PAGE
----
Robert E. Howard (REH)’s best known character is a sword welding barbarian and yet he isn’t. Conan has a code he lives by. His barbarian instincts give him an edge when he deals with the bad guys. Yet he acknowledges that he can not survive on instinct alone.
Conan learns languages, reading, and writing. REH shows us Conan doing this stuff for himself even though he has people to do it for him. In some stories when he wears the crown of Aqualonia, he has people doing stuff for him. Even before he becomes Kings, he learns the customs and languages of whichever group of people he happens to be adventuring with. Most adventure authors focus on the blood, battle, and babes, and less culture.
(Possible Spoiler Alert!)
Hour of the Dragon shows Conan off in both the ruler and the lone individual fighting to take back his country and save his people… If you haven’t read it perhaps go read it and then come back to this post? Or if you have no clue then maybe I can tempt you into giving REH a try. We first see Conan in the middle of a battlefield talking strategies, tactics, and the logistics of caring for an army in the middle of a war. Advisors, servants, military leaders, etc are flowing around him in the tent, he is the focus of their universe. A man in control of his world and his fate.
Later we see Conan (Are you sure you want to read spoilers if you haven’t read the story?) being spirited away by the bad guys. A victim to forces beyond his control, REH gave Conan a strong aversion to magic and the supernatural. He fights to regain control of his person and his fate. Often REH describes him as a lean lone wolf or a lion prowling amongst men. As he is escaping his captors he runs and fights like the cornered wolf. He is willing to accept help from anyone that can aid him, and yet he is willing to protect those same people if a threat is offered.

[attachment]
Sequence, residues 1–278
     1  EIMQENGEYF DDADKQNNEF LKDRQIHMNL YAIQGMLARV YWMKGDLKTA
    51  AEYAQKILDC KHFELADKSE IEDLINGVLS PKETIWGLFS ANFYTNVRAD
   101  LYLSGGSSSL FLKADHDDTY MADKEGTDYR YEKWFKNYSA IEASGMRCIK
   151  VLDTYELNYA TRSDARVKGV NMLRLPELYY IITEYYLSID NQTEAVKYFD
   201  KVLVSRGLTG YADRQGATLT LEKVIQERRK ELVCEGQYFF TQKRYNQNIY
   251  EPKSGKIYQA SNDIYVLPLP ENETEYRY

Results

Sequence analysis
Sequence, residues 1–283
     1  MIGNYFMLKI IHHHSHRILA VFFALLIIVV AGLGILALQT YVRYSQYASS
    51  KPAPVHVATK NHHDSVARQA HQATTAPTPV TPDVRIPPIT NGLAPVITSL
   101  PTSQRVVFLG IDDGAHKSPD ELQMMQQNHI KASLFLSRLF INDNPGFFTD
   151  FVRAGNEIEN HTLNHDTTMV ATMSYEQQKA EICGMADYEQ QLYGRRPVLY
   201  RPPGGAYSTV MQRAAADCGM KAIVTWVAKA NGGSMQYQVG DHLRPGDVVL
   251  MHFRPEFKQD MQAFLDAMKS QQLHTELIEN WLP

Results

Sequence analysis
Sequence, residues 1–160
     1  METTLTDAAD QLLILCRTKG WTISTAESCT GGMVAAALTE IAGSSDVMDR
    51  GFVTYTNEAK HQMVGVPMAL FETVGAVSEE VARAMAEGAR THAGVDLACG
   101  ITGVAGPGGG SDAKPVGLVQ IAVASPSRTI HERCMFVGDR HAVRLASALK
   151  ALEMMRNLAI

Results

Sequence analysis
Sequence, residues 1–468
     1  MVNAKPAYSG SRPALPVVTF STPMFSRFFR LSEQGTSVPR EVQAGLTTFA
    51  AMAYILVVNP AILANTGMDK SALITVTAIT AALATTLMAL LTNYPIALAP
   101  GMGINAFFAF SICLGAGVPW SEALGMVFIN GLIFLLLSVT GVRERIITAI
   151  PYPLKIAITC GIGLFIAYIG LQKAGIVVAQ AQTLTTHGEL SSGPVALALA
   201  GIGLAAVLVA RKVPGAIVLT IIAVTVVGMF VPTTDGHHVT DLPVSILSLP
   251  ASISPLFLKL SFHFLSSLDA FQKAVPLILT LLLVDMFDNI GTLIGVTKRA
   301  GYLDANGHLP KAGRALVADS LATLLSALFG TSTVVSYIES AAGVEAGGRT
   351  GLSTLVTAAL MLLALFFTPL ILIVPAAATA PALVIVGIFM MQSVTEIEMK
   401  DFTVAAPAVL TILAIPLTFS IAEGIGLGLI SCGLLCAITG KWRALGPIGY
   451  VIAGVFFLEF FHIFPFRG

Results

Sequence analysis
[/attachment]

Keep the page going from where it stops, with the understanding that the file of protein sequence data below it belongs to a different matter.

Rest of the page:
At one point while Conan is on the run, he questions whether he even wants to go back to being king. And instead go back to an adventuring lifestyle, only the demands of having his kingdom taken from him urge him to fight it out with his enemies.
I believe REH and Conan still have much to teach us in this modern age. And I realize the time period in which these stories are written paint a less stellar view of both women and minorities. Take it with a grain of salt. When we look back at our current literature there will be some cultural differences from now and the norms of then.
P.S. Go read Hour of the Dragon.